πŸ”Ά GUI layout
❌ Basic documentation
❌ Code
❌ Installers from :linux: :windows: :finder:
❌ Finalised documentation
❌ "Final release" (project is done, but will be continuously updated and supported for a while)


βœ… GUI layout
πŸ”Ά Basic documentation
πŸ”Ά Code
❌ Installers for :linux: :windows: :finder:
❌ Finalised documentation
❌ "Final release" (project is done, but will be continuously updated and supported for a while)


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can now verify instances, making sure that they're not just random words or non-fedi websites! it's able to identify every majorish instance server out there, except for GNU social, which has been abandoned for nearly half a decade (but i'm still considering supporting it!)

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also i just spent the last hour trying to figure out how to do multithreading with pyside :blobderpy:

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what use is software designed for user friendliness without a manual? will have an extensive manual to explain everything you can (and can't!) do with it, from the basic stuff to the really advanced.

you can browse the manual in its current (very unfinished) state here: github.com/Lynnesbian/FediBook

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progress made yesterday and today:

- GUI pretty much done (first draft, anyway)
- working main menu
- bot creation wizard can:
- animate while processing (multithreaded UI)
- verify that a given URL is a fediverse instance of some sort (GNU social isn't supported yet though)
- direct the user to the account creation page of any given instance
- work started on mastodon/pleroma app support (posting, downloading posts, etc)
- documentation for the project as a whole, as well as the bot creation wizard in specific, provided as a manual
- donation links :blobcatwinktongue:

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i've made a fair bit of progress that i haven't posted about here, like authentication, more GUI stuff, etc

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needs to support multiple authentication methods, and it does that by switching what its GUI looks like depending on your instance type.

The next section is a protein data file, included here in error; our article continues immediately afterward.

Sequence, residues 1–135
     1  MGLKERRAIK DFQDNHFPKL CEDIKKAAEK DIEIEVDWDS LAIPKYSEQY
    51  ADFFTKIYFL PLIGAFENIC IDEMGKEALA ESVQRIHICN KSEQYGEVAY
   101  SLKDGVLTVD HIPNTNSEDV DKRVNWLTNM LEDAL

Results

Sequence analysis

diaspora* users are asked for a username and password.
mastodon and pleroma users get OAuth with codes that need to be copied and pasted into the program.
misskey uses the authentication page, which doesn't actually require typing or pasting anything at all!

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@lynnesbian caveats: computer program does not work if you turn off computer

@lynnesbian it reminds me of the Celeste intro sequence which includes a warning not to turn off your computer during autosaves

which as far as I know is physically impossible on Windows because it takes way longer to start the shutdown process than it takes to save one kilobyte of XML.

@lynnesbian pretty sure that would also take longer than celeste autosaves take

unless you can frame-perfect unplug your computer


@lynnesbian Lynne, have you considered starting a localhost web server to receive the OAuth callback?

@ben i could, but that'd require importing a server library, and also checking whether or not there's anything running on :8080 (so then we'd neet to use a different port)

@lynnesbian start the server on (port 0) and the OS will pick the port for you.

Since you only need to receive one request ever, you don't need to record that port number once you've used it to generate the redirect URL.

@ben any idea what server library i should use? i don't really want to use something like django for this

@lynnesbian for weblegends, I rolled my own, and I feel like what you need is even simpler than what weblegends needed.

@lynnesbian ah, if it's in the standard library, definitely use that.

@lynnesbian @ben doesn't Python have a SimpleHTTPServer module or something

i don't know if you can use it programmatically, i've only seen it used with like `python - m`

@lynnesbian so close (but it's an excellent theme for me to be that confused!)

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